Workplace Trainers- They aint what they used to be

ELearning in the workplace is always consistent, always available and, after the initial outlay, costs a great deal less than employing a person. So what is the place for Workplace Trainers in the Learning and Development process once eLearning is introduced?

Traditionally Workplace Trainers are generalist trainers who engage with staff at very specific events in the life-cycle of an employee; induction, new process and upgrade events. Employees first come into contact with the Workplace Trainer during the Induction phase. Workplace Trainers provide valuable information about the history, culture and expectations of the company for all new employees.

The next encounter is often when a major change in company process or policy has occurred. For example, moving to a different software platform, merging with another company, corporatizing or the implementation of newer technologies are events where the Workplace Trainer is often employed to smooth the transition from old to new.

In both situations the Workplace Trainer is principally involved in the presentation and explanation of new concepts and information. The communication of concepts and information in a consistent, standardised format is ideal for the eLearning platform; thereby reducing the hours required for face-to-face involvement by the Workplace Trainer.

“Great!” Says management, “We’ll save money by not having a Workplace Trainer.” But is eLearning enough? What are the skills of a modern day Workplace Trainer that add value in an eLearning culture?

Facilitation Skills

A facilitator is someone who helps a group of people understand their common objectives and assists them to plan to achieve them without taking a particular position in the discussion. Sometimes a facilitator will assist the group in achieving a consensus on any disagreements that preexist so that they can move forward with action.

The Workplace Trainer can meet with individuals and review how the new concepts are being applied (or not). This may be a formal approach, or in a more informal floor walking style. Facilitation skills are then used to assist employees is recognising and applying their new concepts and information on the job. During these engagements the Workplace Trainer is able to gather valuable data on the degree of learning transference from eLearning to work practice.

Webinar Delivery

Where it may be too expensive to cover travel costs in order to meet with employees scattered over several work locations, the webinar is a highly effective interaction tool. A webinar uses a web-based meeting system to engage the Workplace Trainer and the employee. The Australian Flexible Training Framework even includes webinars, along with email, in its definition of eLearning tools.

Through a webinar the Workplace Trainer can have a planned discussion with employees. Trainers can review and revise concepts to gauge understanding and application of the new knowledge. In addition, Trainers can display documents or files to Webinar participants to further explain concepts or processes. Conversely, when the training has been technical in nature, the employee can allow the Trainer to view their desktop so both parties can really ‘see’ what is happening at the workplace and the Trainer can provide useful feedback.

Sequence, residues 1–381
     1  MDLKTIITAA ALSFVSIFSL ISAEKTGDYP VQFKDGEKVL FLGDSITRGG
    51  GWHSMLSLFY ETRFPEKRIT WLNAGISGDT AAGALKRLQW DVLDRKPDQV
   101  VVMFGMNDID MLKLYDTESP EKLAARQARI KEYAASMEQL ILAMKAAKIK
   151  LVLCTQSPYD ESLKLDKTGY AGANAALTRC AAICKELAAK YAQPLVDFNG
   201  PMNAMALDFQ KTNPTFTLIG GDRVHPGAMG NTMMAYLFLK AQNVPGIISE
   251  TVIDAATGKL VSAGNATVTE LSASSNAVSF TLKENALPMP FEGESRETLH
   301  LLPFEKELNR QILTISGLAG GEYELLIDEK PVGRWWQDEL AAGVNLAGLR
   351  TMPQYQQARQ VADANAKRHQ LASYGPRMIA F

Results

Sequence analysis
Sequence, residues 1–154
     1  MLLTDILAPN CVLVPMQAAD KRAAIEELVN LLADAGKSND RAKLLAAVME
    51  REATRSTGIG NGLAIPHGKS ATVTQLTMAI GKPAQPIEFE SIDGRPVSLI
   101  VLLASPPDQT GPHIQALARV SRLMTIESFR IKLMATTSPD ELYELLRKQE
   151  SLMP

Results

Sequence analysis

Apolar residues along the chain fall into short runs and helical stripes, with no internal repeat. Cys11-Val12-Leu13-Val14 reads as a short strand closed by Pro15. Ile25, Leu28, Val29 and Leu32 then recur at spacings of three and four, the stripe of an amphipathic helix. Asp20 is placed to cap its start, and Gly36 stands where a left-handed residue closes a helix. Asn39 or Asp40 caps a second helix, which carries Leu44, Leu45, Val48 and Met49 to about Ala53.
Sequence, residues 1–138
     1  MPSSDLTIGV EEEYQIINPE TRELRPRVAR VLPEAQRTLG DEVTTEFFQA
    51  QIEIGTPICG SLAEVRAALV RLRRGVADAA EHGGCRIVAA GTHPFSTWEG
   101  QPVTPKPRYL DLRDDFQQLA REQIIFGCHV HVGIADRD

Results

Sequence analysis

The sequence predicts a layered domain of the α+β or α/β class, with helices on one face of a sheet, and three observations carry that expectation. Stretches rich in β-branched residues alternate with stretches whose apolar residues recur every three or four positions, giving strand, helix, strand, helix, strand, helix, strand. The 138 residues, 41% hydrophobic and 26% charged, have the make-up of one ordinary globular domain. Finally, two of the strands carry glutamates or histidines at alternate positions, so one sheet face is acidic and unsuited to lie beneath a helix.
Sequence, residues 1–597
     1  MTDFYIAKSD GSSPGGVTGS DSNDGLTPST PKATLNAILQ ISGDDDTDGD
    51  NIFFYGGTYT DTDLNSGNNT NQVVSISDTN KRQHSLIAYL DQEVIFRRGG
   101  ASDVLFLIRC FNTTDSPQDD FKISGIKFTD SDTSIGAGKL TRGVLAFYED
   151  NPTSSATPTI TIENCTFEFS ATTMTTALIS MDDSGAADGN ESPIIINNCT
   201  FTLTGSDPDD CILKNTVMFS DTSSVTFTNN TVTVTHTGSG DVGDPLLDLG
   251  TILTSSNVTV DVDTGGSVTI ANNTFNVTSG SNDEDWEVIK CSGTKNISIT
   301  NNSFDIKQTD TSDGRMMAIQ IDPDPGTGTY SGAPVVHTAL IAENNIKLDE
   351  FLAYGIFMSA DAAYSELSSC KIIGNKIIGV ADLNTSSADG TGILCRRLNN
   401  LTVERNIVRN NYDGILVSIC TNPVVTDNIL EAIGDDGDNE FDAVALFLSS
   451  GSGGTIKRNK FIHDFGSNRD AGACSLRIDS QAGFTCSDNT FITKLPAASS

Interacting with value via webinar does require the trainer to have developed skills in the technology, managing the audience interaction and providing a structured approach. Taking the time to become proficient is very worthwhile, as even if employees are as remote as Broken Hill they can still receive the level of support (even daily) to move them over any hurdles to applying new practices, without the burden of travel time or cost for either party.

Where group webinars are held the resulting sharing of information is frequently valuable to a wider audience. The entire webinar meeting can be recorded thereby providing robust data for:

  • assessing learning transference
  • addressing issues
  • acknowledging ideas, and
  • sharing solutions

Helpdesk Service

Traditional Helpdesk’s provide IT support, but the Workplace Trainer can extend this role to cover the requirements of any rollout of training delivered through eLearning. Included in the eLearning is the promotion that employees can phone the Helpdesk when they need assistance. The Trainer manning the Helpdesk does not need to have every answer, but they must be able to direct the employee through a decision tree to valuable support.

The structure of the Helpdesk needs to suit the role. Having a Trainer sitting around waiting for the phone to ring may not be the best use of their time. Twenty four hour manning is likely to be an unreasonable expectation. Set times of the day may be more practical or enquiries by email. The main success factor will be awareness of the service and quality of help provided, which includes the demeanour of the person responding.

The additional value of a Helpdesk is that calls can be logged to capture enquiry data. This data can then provide valuable insight into learning transference and augment the L&D continuous improvement process.

The new Workplace Trainer role

By blending the skills and knowledge of the Workplace Trainer and the benefits of eLearning the possibilities for improved employee learning are greatly increased. The Workplace Trainer has moved from the basic role of imparting new information (knowledge) to being engaged in higher level learning (application and analysis).

So is eLearning the end of the Workplace Trainer? No, it’s just the beginning of very exciting new learning journey!

 

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